Star-Spangled singer

UND’s own Mark Lindquist

Mark Lindquist, motivational speaker and singer, waves to fans after singing the national anthem at the Ralph Engelstad Arena prior to a UND men's hockey game against Western Michigan in 2016.

Nick Nelson

Mark Lindquist, motivational speaker and singer, waves to fans after singing the national anthem at the Ralph Engelstad Arena prior to a UND men's hockey game against Western Michigan in 2016.

Nick Erickson, Staff Writer

Hang on for a minute...we're trying to find some more stories you might like.


Email This Story






Walking out onto the carpet laid on the ice as the last two players are introduced, Mark J. Lindquist looks around attentively. He looks at every fan in the building that is, more times than not, sold out. He takes a deep breath, and says “man, this is awesome” every time before he sings the national anthem at the UND Men’s hockey games.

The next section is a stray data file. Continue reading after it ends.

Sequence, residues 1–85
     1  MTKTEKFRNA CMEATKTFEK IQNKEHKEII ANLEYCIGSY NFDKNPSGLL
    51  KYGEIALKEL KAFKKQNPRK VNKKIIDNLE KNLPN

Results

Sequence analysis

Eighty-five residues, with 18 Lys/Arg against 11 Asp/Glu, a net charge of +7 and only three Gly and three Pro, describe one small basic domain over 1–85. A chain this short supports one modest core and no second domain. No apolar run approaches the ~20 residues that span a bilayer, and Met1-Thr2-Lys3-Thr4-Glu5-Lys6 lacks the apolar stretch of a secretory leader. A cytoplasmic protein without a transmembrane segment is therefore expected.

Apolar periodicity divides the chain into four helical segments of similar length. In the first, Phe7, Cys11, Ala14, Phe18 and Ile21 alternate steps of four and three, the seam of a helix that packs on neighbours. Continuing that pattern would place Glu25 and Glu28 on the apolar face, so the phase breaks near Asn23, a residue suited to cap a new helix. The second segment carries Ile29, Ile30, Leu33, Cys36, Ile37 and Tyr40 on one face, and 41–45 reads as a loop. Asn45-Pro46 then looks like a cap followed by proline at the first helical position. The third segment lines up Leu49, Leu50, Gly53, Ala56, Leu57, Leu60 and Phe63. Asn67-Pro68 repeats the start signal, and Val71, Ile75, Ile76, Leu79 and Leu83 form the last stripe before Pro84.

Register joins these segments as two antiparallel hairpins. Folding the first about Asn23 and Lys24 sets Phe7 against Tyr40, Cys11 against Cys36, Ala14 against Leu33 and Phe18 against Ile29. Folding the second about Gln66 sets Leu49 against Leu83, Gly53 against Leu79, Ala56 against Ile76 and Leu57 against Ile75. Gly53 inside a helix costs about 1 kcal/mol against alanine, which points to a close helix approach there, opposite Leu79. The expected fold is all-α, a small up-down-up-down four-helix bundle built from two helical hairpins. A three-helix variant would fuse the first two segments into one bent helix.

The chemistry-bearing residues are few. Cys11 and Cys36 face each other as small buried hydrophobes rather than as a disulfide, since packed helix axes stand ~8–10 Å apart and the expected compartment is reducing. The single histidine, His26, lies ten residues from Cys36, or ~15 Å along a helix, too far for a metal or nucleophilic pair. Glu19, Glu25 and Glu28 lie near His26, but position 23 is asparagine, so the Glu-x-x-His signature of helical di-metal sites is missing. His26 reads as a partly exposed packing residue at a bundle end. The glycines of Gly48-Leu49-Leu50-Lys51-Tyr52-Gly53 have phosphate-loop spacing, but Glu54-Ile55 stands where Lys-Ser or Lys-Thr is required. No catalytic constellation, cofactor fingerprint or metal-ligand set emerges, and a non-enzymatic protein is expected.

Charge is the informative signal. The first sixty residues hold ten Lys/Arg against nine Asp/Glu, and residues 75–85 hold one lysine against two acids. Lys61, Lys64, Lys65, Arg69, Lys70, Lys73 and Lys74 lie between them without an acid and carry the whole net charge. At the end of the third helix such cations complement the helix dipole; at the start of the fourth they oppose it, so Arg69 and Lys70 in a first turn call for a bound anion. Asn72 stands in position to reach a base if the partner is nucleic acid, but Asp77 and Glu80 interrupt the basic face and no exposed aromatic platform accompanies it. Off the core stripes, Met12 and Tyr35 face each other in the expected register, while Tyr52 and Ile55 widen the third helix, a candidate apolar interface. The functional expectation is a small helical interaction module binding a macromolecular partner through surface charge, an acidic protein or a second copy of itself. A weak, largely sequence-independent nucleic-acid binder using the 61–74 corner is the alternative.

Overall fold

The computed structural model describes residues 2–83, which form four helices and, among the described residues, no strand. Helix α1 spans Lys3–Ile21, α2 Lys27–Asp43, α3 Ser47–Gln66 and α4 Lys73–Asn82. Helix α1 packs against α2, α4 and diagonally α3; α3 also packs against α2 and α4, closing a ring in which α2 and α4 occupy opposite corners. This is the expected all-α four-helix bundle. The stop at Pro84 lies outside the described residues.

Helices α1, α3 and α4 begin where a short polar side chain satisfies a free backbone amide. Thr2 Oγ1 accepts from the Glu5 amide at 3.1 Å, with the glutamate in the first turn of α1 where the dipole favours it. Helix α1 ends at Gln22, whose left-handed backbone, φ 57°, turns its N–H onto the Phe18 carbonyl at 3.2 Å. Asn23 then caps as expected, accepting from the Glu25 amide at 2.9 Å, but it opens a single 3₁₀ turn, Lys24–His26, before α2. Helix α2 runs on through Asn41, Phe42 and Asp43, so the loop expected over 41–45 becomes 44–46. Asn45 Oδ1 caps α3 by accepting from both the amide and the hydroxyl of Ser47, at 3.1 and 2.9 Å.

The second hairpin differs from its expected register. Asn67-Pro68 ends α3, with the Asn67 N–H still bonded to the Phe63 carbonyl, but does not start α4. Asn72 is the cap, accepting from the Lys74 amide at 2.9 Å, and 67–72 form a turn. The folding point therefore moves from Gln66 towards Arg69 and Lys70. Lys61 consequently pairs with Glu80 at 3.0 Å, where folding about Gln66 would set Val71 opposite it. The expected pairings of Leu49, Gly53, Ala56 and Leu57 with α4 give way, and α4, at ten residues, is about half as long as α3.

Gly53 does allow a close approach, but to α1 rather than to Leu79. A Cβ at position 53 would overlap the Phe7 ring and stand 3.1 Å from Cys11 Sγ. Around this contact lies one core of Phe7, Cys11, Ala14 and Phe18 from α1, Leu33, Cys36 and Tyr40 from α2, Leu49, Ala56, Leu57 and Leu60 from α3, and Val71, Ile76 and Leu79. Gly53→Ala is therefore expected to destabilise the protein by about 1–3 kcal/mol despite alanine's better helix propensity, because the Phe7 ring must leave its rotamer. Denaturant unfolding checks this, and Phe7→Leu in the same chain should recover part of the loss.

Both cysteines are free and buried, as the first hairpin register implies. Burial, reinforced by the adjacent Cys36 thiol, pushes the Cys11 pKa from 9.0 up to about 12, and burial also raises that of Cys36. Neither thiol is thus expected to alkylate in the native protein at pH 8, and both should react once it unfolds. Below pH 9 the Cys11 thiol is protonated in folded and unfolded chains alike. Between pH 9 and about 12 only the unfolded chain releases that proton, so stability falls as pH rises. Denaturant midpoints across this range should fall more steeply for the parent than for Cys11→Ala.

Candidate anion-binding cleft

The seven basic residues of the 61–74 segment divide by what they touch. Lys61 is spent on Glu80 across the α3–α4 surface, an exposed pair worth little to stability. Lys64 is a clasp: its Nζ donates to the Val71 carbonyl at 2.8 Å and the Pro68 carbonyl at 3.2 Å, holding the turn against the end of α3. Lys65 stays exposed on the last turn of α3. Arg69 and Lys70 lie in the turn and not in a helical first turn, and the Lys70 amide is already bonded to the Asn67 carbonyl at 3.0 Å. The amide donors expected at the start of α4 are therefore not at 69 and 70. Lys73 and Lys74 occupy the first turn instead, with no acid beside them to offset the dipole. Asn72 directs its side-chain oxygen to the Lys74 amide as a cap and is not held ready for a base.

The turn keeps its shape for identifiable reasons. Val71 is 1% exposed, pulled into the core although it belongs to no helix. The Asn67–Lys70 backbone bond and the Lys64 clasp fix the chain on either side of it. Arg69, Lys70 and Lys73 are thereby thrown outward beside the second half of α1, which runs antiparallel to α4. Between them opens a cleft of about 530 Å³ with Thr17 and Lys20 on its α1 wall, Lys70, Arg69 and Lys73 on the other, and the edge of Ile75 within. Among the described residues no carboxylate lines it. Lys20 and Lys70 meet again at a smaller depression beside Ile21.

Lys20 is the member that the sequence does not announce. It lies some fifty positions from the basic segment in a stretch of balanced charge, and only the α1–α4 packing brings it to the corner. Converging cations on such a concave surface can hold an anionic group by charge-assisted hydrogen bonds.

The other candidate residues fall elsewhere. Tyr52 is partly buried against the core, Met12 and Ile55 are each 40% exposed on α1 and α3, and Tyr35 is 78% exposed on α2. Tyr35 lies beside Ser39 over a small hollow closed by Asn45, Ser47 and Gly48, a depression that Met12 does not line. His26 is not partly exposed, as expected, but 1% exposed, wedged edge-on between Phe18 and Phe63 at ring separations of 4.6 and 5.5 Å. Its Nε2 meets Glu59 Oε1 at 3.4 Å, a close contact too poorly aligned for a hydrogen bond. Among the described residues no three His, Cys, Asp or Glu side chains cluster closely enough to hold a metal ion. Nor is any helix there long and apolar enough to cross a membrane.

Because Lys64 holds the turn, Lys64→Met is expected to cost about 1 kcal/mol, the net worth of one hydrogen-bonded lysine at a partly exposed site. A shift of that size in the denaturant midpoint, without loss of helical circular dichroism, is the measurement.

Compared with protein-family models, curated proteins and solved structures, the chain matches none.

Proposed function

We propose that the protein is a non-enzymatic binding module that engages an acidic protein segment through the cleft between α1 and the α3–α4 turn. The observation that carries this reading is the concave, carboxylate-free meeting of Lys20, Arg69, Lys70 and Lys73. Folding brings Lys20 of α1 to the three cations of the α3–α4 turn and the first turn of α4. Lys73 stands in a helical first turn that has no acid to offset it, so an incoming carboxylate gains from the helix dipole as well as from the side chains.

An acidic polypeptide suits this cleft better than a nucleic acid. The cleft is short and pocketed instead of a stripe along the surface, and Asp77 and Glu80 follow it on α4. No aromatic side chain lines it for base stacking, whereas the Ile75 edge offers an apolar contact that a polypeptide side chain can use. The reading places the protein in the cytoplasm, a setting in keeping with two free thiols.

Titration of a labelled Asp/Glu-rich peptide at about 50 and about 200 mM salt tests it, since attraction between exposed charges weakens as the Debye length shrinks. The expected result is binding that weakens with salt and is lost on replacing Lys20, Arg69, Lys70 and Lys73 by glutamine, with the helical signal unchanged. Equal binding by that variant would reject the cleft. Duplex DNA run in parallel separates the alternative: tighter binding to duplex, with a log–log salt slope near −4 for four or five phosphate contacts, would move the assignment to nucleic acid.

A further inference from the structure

The Ortonville, Minnesota native and Air Force Veteran began his hobby of singing the national anthem at Ortonville High School while he was a student and has progressed to much larger stages since. Lindquist was recently announced as the Cleveland Indians number one choice to sing the anthem if they were to make it to the World Series.

UND students have appreciated having Lindquist as the full-time singer for the last four years. However, not many people actually know the story of how he became such a pivotal piece to the overall experience that makes the UND hockey Friday and Saturday games at the Ralph Engelstad Arena one of the nation’s top displays of entertainment.